Re: Kuku - New parts ?
Posted: Mon Mar 15, 2010 12:06 am
bloody noice, you aussie
Djembe Community and learning resource.
Just in case my replay above went amiss (or perhaps wasn't phrased all that well?), I honestly wonder if a bass djembe (with sewn-on head) might not be a bit closer to the "original" low tuned drums than is the case re. most djembes today?e2c wrote:Yep, I'm well aware of that. I enjoy playing bass dejmbe and used to be able to do so regularly, for dance classes - kuku being a staple of warm-ups, I don't think I'd have been able to avoid learning that part if I'd tried.bubudi wrote:e2c, you know that bass djembe parts are a modern addition, right? with the original kuku, the parts were originally played on lower tuned djembes, and without the addition of the dununba.
At any rate, the part is what it is, whether played on bass djembe or a low-tuned djembe with those awfully newfangled steel rings and nautical/climbing rope, no?
Almost certainly. Mamady was telling a story about how him and Famoudou came across steel rings on djembes in the Ivory Coast (in the early seventies, I think), and found out about modern rope that they got from some army people. He told how excited everyone was about the convenience and the much higher pitch they could get.I honestly wonder if a bass djembe (with sewn-on head) might not be a bit closer to the "original" low tuned drums than is the case re. most djembes today?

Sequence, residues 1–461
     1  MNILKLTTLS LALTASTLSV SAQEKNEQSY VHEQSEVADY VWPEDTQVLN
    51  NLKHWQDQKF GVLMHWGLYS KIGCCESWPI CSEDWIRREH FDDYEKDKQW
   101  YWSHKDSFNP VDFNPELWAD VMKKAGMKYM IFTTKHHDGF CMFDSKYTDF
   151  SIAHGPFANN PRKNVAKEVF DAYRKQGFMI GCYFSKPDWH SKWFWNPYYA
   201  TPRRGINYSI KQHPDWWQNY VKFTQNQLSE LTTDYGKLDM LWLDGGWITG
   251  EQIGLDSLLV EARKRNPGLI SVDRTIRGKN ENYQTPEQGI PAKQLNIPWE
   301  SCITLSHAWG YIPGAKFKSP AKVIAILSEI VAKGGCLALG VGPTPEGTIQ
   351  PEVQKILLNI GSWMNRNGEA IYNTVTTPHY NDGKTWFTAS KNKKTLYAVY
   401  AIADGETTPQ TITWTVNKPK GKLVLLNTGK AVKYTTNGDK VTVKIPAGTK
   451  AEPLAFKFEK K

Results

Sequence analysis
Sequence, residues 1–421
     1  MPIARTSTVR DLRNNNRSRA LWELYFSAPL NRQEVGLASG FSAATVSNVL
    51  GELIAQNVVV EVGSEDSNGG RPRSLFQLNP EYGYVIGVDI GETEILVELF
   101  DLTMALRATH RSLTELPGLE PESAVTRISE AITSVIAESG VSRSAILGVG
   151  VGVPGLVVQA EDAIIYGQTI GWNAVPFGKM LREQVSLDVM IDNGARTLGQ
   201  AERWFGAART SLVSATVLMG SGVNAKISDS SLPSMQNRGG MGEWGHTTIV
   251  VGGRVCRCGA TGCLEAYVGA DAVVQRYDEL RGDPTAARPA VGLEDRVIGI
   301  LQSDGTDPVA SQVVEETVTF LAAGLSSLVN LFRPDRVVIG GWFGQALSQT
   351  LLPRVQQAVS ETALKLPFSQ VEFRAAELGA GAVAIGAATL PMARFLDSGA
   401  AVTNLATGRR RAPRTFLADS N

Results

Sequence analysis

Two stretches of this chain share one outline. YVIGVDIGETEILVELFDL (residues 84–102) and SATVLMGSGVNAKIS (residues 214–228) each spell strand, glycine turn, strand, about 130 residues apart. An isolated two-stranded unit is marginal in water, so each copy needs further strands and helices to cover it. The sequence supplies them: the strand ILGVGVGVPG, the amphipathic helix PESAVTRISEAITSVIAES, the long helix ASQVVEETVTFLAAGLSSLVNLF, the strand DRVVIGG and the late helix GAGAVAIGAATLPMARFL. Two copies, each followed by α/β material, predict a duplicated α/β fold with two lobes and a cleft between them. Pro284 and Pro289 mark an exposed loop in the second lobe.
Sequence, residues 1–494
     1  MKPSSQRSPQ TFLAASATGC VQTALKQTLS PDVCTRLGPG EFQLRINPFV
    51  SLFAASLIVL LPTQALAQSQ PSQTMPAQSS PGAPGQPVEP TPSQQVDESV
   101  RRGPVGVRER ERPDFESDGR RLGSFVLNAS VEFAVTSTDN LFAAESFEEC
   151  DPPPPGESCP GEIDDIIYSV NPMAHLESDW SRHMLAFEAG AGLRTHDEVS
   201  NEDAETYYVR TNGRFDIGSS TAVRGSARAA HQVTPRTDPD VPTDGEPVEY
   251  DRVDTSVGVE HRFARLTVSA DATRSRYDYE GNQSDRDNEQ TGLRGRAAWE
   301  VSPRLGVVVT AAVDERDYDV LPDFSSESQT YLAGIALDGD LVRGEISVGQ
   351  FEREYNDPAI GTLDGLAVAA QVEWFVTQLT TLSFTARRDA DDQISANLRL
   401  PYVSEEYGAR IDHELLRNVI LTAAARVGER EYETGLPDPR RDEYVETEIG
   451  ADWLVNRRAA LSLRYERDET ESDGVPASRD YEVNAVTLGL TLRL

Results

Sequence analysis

it should also be tuned lower then your kenkeni.bubudi wrote: a good bass djembe should have really deep tones and the bass djembe accompaniments usually make plenty use of that.
Again, yes - i haven't posted any pics of mine, but it's headed in that way. I've had the opportunity to play 2 other bass djembes that were headed in the same fashion. That sold me on wanting one of my own - I love the sound.bops and duga posted some pics of bass djembes they have with the traditional stitching on the skin as opposed to metal rings. those have a very warm sound.
I asked Epizo about this last earlier this month, and he said the drum is called a "gumbo". He also said that the resonators are not permanently attached, even though it looks like that.michi wrote:BTW, in Youssouf Koumbassa's DVD "Landouma Fare", you can see some unusual djembes with giant (and permanently attached) seke seke. Here is a screen grab:
Anyone know more about these drums? I haven't seen them anywhere except in this video.
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